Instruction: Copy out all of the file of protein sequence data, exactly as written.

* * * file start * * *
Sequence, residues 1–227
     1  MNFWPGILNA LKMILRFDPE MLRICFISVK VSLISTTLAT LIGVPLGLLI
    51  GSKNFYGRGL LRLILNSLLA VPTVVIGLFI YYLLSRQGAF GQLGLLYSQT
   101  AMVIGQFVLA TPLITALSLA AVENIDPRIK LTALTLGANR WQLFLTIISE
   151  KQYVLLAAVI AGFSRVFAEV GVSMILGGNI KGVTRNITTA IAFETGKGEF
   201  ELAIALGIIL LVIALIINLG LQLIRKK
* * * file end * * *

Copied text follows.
Sequence, residues 1–227
     1  MNFWPGILNA LKMILRFDPE MLRICFISVK VSLISTTLAT LIGVPLGLLI
    51  GSKNFYGRGL LRLILNSLLA VPTVVIGLFI YYLLSRQGAF GQLGLLYSQT
   101  AMVIGQFVLA TPLITALSLA AVENIDPRIK LTALTLGANR WQLFLTIISE
   151  KQYVLLAAVI AGFSRVFAEV GVSMILGGNI KGVTRNITTA IAFETGKGEF
   201  ELAIALGIIL LVIALIINLG LQLIRKK